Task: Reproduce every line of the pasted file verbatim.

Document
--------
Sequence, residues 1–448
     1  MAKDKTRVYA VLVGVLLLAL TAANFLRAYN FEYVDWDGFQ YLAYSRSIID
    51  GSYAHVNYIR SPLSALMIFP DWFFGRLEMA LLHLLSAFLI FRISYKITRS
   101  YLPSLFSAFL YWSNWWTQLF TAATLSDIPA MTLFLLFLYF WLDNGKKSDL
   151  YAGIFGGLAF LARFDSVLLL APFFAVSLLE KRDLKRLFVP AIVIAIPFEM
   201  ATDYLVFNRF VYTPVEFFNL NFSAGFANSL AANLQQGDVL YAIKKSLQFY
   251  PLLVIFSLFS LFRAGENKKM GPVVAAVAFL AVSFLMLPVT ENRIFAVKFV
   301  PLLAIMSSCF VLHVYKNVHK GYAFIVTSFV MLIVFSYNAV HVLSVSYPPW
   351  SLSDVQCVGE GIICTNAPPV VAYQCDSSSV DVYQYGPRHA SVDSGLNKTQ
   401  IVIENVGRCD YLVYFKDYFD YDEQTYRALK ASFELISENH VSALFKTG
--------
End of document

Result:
Sequence, residues 1–448
     1  MAKDKTRVYA VLVGVLLLAL TAANFLRAYN FEYVDWDGFQ YLAYSRSIID
    51  GSYAHVNYIR SPLSALMIFP DWFFGRLEMA LLHLLSAFLI FRISYKITRS
   101  YLPSLFSAFL YWSNWWTQLF TAATLSDIPA MTLFLLFLYF WLDNGKKSDL
   151  YAGIFGGLAF LARFDSVLLL APFFAVSLLE KRDLKRLFVP AIVIAIPFEM
   201  ATDYLVFNRF VYTPVEFFNL NFSAGFANSL AANLQQGDVL YAIKKSLQFY
   251  PLLVIFSLFS LFRAGENKKM GPVVAAVAFL AVSFLMLPVT ENRIFAVKFV
   301  PLLAIMSSCF VLHVYKNVHK GYAFIVTSFV MLIVFSYNAV HVLSVSYPPW
   351  SLSDVQCVGE GIICTNAPPV VAYQCDSSSV DVYQYGPRHA SVDSGLNKTQ
   401  IVIENVGRCD YLVYFKDYFD YDEQTYRALK ASFELISENH VSALFKTG